UK Export Finance (UKEF) has signed its largest ever guarantee for a solar project financing, in a bumper deal backing British exports to a new facility in Turkey.

The UK’s official export credit agency will provide a £217mn (US$291mn) guarantee for a buyer credit facility from JP Morgan, with the US bank acting as lead arranger and lender on the agreement.

JP Morgan is the only lender covered by the UK government guarantee, but a UKEF tells GTR there are a further six Turkish banks which will provide a total of US$500mn to the project. UKEF’s guarantee covers approximately 36% of the total funding package, the spokesperson says.

Kalyon Enerji’s 1.35GW Karapinar solar project is expected to be operational by late 2022, and according to UKEF will be the largest solar facility in Turkey.

The UKEF-backed financing will support over 100 British jobs as the integration of the General Electric (GE) solar technology and the assembly of the solar power station will take place in the UK.

It’s the first time GE, which was announced as the developer of the project in September, has deployed its so-called “Flexinverter” solar power station technology for a development outside the US.

The new facility will be comprised of 3.5 million panels covering an area of 20 million square metres, and will be capable of delivering clean electricity to approximately 2 million people in Turkey.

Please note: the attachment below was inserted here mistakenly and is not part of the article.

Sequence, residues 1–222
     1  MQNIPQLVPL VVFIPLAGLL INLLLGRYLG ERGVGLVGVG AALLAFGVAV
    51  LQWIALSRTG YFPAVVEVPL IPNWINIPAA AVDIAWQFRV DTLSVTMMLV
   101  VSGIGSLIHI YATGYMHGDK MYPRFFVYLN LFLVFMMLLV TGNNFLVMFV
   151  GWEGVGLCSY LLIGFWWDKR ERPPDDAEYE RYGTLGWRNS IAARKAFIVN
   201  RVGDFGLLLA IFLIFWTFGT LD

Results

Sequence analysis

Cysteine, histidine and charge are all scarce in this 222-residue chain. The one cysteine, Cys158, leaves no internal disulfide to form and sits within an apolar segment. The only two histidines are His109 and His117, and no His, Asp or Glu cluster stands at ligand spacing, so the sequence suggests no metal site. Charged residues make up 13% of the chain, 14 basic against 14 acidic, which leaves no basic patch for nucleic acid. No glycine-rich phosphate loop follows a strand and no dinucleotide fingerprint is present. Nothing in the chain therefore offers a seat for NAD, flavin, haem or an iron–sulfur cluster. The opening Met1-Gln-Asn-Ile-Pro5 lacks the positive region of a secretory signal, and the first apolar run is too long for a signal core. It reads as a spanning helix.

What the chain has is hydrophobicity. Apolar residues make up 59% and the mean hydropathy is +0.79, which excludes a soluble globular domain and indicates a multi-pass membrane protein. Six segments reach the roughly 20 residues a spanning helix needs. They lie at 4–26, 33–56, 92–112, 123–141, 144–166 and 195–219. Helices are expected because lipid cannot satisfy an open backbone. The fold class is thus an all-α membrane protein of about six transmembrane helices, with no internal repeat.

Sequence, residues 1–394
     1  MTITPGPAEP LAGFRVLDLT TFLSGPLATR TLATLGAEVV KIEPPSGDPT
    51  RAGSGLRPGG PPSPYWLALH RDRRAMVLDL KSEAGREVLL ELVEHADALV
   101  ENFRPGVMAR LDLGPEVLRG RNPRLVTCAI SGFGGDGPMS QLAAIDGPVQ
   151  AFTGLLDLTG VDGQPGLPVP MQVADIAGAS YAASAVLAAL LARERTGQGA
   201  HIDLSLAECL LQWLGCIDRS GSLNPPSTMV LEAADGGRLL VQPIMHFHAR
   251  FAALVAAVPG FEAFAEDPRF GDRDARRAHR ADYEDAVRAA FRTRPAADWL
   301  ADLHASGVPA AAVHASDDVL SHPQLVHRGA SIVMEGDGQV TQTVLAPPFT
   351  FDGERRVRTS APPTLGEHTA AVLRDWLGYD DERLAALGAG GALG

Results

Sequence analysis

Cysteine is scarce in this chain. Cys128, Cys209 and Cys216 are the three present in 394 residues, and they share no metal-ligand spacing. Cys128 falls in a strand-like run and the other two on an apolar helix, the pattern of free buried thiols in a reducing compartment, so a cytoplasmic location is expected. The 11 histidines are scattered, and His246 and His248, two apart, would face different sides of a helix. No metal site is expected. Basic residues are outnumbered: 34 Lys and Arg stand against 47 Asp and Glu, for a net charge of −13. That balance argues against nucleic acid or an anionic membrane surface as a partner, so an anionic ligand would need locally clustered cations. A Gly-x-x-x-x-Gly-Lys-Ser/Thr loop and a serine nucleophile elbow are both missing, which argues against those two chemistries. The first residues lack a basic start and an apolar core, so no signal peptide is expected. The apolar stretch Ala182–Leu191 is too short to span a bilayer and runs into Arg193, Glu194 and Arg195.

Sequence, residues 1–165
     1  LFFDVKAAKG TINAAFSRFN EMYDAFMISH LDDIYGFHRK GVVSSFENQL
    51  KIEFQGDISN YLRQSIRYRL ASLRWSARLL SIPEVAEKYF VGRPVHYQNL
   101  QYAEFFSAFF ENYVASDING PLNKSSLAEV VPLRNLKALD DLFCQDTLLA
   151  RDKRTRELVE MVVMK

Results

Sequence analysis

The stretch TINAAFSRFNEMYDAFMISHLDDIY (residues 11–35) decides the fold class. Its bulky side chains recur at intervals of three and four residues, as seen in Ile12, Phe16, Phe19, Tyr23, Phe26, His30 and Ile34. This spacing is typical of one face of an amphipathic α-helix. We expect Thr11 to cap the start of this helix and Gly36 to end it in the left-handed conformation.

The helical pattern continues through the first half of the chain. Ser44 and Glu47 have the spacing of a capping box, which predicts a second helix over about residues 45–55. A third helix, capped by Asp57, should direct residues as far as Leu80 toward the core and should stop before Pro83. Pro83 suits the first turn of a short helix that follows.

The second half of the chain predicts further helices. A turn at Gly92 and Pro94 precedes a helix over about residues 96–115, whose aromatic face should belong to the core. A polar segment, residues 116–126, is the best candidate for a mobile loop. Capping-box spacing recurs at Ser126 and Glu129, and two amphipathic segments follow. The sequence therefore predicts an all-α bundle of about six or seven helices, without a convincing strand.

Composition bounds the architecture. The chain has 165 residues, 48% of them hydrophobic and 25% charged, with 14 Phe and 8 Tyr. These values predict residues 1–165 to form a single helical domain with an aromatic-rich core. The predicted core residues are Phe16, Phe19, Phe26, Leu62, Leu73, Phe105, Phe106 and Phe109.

“UK Export Finance is putting the UK at the heart of the global green energy transition,” says international trade secretary, Anne-Marie Trevelyan. “Firm action from the UK alone is not enough to fight the climate crisis. UKEF’s financing encourages other countries to invest in renewable energy and opens new markets for UK businesses that will power a recovery underpinned by green jobs.”

The project is part of the first Renewable Energy Resources Zones programme launched by the Turkish Ministry of Energy in 2017. The government is aiming to have commissioned 10GW of solar capacity in the decade up to 2027.

“GE is proud to be partnering with UKEF again to deliver one of Turkey’s most significant renewable projects,” says Guto Davies, global public capital leader at GE Energy Financial Services.

The move comes amid a ramping up in efforts across the export credit sector to reduce exposure to fossil fuel activities, and at the same time boost support for renewable and clean energy deals.

A landmark paper from the International Chamber of Commerce (ICC), published in September, found that the export credit industry has historically lagged behind commercial banks on environmental issues.

But the ICC says in the report the role of export credit agencies in supporting sustainable finance is changing rapidly, and it expects agencies across the OECD countries to roll out new policies and incentives this year. UKEF ruled out any fresh support for oil, gas and coal deals in March.